Frankie and the other children just stared at her.  The previous third grade teacher, by all accounts, had been a sourpuss and all the kids, when they managed to think about school at all over the summer, had had varying degrees of anxiety about what third grade was going to be like. This smiling, pretty woman in front of the class left Frankie with the feeling you get when you think the M&M bag is empty and then suddenly realize there is still candy left inside.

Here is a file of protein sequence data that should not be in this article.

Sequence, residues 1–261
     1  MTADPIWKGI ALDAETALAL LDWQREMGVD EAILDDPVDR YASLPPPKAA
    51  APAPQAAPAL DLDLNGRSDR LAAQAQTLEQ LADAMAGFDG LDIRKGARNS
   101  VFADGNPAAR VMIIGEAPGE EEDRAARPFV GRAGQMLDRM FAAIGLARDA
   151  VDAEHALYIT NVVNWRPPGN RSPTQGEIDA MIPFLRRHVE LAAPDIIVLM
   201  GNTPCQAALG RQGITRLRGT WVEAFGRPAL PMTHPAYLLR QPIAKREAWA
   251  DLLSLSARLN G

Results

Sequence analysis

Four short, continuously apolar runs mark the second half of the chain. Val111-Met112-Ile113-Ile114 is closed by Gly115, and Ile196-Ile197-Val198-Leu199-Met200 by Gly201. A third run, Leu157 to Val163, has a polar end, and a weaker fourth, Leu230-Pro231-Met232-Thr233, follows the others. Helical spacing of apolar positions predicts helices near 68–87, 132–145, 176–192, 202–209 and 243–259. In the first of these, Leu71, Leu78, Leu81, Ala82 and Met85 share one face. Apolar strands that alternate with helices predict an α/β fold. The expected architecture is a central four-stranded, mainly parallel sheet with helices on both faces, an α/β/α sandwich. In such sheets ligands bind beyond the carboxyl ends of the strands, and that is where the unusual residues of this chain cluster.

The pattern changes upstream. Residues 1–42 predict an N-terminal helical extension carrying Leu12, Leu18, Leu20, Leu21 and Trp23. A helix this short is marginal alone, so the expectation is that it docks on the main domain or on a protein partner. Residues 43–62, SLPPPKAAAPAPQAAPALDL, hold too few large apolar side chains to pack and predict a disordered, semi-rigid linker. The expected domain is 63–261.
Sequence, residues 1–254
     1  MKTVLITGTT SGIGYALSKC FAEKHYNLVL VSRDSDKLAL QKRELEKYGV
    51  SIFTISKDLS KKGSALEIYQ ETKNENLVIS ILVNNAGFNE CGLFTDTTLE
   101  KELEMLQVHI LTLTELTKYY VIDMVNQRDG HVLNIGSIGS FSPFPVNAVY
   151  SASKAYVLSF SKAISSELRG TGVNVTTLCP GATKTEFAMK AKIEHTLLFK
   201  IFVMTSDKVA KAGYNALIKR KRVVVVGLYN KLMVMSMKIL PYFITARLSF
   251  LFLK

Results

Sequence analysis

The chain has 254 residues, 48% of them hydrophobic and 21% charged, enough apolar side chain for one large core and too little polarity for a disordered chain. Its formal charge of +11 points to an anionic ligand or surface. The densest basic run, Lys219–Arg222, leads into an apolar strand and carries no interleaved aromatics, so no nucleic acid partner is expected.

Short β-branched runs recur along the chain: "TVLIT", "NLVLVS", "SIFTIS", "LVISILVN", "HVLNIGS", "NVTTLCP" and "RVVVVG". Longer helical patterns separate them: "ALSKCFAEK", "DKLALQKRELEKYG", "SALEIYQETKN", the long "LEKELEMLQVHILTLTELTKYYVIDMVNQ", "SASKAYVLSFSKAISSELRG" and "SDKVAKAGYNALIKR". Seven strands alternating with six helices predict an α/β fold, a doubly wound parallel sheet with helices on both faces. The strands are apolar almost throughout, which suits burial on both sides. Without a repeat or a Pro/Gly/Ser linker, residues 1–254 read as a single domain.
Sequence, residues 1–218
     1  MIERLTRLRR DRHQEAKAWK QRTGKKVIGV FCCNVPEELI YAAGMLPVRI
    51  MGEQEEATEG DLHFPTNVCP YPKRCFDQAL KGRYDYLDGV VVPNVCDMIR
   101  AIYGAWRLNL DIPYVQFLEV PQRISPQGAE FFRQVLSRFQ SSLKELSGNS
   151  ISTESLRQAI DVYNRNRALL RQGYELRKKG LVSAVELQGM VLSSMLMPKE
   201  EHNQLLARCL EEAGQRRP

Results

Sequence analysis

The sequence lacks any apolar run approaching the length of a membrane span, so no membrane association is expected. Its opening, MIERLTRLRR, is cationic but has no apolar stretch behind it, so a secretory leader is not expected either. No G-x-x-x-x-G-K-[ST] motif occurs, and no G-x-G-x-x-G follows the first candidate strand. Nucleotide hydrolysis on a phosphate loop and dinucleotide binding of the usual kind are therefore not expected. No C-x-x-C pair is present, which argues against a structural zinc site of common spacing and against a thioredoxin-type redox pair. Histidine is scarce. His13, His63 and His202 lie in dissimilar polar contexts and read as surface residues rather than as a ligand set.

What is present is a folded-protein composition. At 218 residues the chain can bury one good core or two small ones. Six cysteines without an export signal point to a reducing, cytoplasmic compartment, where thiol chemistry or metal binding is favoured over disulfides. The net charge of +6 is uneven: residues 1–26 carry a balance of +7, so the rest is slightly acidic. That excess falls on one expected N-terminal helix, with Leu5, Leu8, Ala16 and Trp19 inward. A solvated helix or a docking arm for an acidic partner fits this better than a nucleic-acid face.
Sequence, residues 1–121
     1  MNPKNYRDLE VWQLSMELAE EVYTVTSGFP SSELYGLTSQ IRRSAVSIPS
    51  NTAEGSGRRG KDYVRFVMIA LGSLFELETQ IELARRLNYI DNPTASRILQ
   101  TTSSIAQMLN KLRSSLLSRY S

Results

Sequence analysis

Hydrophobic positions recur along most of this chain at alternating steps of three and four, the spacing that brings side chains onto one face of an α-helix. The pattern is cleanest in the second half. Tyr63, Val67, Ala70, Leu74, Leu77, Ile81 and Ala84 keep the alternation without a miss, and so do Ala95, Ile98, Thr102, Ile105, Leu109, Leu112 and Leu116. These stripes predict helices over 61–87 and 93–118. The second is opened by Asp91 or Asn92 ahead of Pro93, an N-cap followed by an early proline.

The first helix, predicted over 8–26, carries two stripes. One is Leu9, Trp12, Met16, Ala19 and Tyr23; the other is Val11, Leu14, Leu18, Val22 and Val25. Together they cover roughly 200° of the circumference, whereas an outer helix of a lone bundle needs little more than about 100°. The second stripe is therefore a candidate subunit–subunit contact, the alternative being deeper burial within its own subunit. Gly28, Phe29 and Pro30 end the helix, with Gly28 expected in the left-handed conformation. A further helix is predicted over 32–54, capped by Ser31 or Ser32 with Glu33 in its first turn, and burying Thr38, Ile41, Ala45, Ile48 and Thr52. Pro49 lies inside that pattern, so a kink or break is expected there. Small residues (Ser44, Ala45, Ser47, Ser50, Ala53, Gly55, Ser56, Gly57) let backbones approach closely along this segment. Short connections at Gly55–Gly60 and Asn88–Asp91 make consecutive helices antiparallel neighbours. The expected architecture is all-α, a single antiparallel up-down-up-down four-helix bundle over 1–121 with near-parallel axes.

Third grade was a swirl of joy, anxiety and revelation for Frankie.  Mrs. Green was a voracious reader and introduced the class to many new worlds compliments of E.B. White, Ray Bradbury, Roald Dahl, Madeline L'Engle, etc... When she wasn't reading to the class, she was encouraging them to explore the various characters brought to the world by these incredibly ingenious creators or to generate their own.  Mrs. Green acted as though each of the kids in her class was someone very special and the whole class seemed to meet her expectation - with a couple of exceptions.  She was funny, sweet, challenging, thoughtful and a fierce proponent of all the kids in her charge avoiding dullard status.  Frankie would sit in class and marvel at the energy and enthusiasm her teacher exhibited.  Even in the midst of flurries of idiocy among her pupils, she would forge ahead with her lesson plan and a disarming grin and get the class moving in the right direction.  Field trips, library visits, spelling bees and reading competitions peppered the year and inspired the children in her class to strive for and accomplish more than was expected.